Online hacktivist group Anonymous has blocked access to Mexican Senate and Interior Ministry websites. The attack is a protest against a proposed law that will see those who violate copyright online fined one million pesos (over $100,000).
The proposal, from conservative senator Federico Doring, is widely seen as the Mexican version of the SOPA/ PIPA bills, denounced by Wikipedia and other web giants, as well as by the internet community at large, as a threat to internet freedom.
Google, YouTube, Yahoo, AOL and many others have likened the bills to China-style censorship. The deals were supposedly created to protect copyrighted material, but most believe they would cripple the internet, effectively killing all websites allowing user-uploaded content, endangering potential whistleblowers and severely damaging online freedom of speech.
The controversial bills have been shelved indefinitely by the US Congress after the wave of protests and blacking out of popular websites such as Wikipedia, to get the point across.
Despite the victory of internet users in the SOPA/PIPA case, however, other battles rage on. Another controversial treaty – ACTA, an international agreement aimed at protecting intellectual property – sparked mass protests in Poland after its signing by the country.
Anonymous has already targeted official websites in the countries that have signed ACTA. They struck the Polish, French and Czech government websites, as well as the sites of the Irish ministries of justice and finance, the European Parliament, Ireland’s Innovation Minister Sean Sherlock and Polish Prime Minister Donald Tusk.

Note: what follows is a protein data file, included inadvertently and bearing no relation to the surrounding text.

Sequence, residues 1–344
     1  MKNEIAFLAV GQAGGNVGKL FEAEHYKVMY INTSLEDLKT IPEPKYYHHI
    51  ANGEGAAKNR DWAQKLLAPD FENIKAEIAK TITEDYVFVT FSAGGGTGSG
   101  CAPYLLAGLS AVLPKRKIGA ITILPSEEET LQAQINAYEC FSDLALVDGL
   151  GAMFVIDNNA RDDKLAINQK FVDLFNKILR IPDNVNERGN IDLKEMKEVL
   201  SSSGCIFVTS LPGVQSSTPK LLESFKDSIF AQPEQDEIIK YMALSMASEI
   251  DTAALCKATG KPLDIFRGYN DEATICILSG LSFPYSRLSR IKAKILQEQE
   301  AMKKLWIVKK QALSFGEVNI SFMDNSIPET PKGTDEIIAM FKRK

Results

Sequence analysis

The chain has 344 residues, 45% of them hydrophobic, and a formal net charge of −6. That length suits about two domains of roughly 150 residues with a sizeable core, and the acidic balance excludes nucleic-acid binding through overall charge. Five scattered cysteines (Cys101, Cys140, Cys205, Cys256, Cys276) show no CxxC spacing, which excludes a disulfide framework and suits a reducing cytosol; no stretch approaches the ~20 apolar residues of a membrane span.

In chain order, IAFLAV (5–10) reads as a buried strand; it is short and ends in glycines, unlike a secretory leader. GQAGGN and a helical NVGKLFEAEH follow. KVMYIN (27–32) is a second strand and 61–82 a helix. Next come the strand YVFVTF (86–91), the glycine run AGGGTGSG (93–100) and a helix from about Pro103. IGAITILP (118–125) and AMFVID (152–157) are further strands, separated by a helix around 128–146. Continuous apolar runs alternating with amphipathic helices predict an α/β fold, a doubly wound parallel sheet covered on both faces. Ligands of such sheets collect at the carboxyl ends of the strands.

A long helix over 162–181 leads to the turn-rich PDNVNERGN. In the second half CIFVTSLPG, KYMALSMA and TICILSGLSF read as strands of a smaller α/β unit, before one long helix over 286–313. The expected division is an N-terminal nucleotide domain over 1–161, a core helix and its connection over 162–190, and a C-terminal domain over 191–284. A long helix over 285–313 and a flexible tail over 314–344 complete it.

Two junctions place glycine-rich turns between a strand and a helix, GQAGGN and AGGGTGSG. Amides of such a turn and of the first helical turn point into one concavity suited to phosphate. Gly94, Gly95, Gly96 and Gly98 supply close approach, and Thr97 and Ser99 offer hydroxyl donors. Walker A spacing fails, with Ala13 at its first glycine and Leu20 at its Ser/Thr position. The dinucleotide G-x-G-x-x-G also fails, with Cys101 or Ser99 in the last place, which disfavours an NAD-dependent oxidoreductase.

The proposed Mexican law is the new target for Anonymous, who seem ready to tackle any organization or government on the planet that threatens internet freedom and free speech. Anonymous claimed responsibility for the attacks on Mexican websites on their Spanish Twitter account Friday.
Interior Secretary Alejandro Poire told a news conference that the ministry’s site had been blocked late morning. It lasted for a little less than five minutes, the site was not compromised and officials were investigating, Poire said.
Doring said in his Twitter feed that Anonymous have the right to show they are against his proposal, but do not have the right to attack websites. He also insisted that the proposal “does not contemplate any criminal punishment” and would not sanction users of social networks because they do not make a profit.
This is not the first time the elusive internet collective is operating on Mexican online turf. Last October, Anonymous threatened to publish information on drug cartels in the country, with the main focus on Los Zetas (one of the most powerful and violent drug cartels) and those, who have been collaborating with the cartels, such as police officers and taxi drivers.
Anonymous posted an online message to Los Zetas drug lord Heriberto Lazcano, reminding him of the futility of trying to fight them, as the “global spirit of this struggle cannot be shot at, or burned with acid.”
Over 47,000 people have been killed in Mexico since 2006 at the hands of the cartels.